Grace, Natura Pura, and the Metaphysics of Status

Proceedings of the American Catholic Philosophical Association 91:127-143 (2017)
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Christian Personalists have objected to Thomism’s claim that humans could have existed in a state of pure nature, on the grounds that this claim entails that historical states like grace do not give fundamental meaning to us, that these states are merely accidental, and that it led to modern secularism. I show that Thomism can affirm its traditional claims regarding grace and pure nature, while denying the first two implications, by developing the Thomistic metaphysics of status. In Thomism rightly understood persons develop historically through status in non-accidental ways and grace gives fundamental meaning to our lives. But I also argue that modern secular experiences are natural to the human person, not merely the result of sin, and that this is rightly supported by the theory of pure nature.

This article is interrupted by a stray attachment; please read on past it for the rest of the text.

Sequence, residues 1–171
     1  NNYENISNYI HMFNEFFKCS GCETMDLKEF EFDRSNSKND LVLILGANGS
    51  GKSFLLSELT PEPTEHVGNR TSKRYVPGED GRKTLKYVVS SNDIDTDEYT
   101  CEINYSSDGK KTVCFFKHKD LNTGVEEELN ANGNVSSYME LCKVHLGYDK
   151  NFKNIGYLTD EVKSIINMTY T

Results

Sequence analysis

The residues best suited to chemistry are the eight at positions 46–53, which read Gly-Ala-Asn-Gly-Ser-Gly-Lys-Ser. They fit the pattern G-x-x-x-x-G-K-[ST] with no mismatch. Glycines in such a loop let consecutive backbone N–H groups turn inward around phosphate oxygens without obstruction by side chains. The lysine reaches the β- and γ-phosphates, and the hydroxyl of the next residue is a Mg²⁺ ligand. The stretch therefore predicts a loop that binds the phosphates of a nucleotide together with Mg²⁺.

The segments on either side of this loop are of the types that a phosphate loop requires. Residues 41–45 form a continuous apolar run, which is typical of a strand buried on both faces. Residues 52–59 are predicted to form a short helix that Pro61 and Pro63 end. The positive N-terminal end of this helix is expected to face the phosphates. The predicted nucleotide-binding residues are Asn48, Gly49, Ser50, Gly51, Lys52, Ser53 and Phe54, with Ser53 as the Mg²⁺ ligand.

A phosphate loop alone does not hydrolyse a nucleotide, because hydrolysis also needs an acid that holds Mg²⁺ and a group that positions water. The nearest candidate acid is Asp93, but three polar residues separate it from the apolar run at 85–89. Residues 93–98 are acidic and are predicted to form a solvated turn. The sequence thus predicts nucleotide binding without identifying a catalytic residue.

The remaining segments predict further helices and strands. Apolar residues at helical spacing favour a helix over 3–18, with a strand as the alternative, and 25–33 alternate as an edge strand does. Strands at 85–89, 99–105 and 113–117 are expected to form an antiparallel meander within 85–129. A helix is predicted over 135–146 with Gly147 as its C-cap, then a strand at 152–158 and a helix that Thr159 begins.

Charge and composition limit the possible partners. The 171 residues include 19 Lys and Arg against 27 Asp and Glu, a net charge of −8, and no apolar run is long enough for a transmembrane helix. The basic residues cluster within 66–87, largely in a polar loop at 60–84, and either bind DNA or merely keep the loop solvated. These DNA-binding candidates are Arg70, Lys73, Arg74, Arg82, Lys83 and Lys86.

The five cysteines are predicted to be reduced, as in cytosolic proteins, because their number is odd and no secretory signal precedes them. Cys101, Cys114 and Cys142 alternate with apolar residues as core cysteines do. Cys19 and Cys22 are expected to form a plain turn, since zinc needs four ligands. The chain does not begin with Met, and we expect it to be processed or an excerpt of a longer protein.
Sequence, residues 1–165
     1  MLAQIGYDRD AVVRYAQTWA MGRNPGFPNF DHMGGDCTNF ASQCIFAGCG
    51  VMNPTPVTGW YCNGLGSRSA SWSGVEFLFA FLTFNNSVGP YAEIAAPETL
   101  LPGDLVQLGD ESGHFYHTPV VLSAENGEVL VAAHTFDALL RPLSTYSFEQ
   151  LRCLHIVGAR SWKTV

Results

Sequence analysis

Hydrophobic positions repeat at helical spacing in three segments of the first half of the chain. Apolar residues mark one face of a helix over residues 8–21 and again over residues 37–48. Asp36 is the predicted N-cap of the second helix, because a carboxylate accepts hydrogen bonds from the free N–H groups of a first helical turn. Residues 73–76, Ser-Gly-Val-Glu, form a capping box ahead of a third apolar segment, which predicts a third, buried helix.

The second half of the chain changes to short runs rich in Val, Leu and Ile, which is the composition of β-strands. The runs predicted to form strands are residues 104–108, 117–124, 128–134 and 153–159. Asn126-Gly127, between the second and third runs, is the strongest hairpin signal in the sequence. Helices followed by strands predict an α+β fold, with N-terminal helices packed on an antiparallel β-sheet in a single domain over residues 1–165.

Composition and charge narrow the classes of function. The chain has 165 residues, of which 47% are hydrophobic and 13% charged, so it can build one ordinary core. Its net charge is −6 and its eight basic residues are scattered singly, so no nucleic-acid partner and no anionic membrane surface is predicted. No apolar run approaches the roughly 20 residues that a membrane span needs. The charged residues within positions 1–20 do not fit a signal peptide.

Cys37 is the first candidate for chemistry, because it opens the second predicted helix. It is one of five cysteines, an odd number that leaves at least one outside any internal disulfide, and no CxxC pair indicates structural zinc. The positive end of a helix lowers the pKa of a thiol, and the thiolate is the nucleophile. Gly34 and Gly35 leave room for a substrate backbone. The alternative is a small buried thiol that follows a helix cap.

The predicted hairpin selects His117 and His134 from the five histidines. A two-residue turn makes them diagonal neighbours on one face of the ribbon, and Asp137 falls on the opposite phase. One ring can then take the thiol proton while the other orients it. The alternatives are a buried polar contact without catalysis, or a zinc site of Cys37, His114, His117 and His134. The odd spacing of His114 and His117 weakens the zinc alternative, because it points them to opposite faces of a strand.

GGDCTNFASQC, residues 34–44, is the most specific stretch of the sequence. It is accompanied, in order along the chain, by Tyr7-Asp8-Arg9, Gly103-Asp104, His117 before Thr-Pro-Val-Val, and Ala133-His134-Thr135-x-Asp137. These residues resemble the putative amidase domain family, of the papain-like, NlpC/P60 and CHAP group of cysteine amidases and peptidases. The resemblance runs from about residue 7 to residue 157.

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Mark K. Spencer
University of St. Thomas, Minnesota

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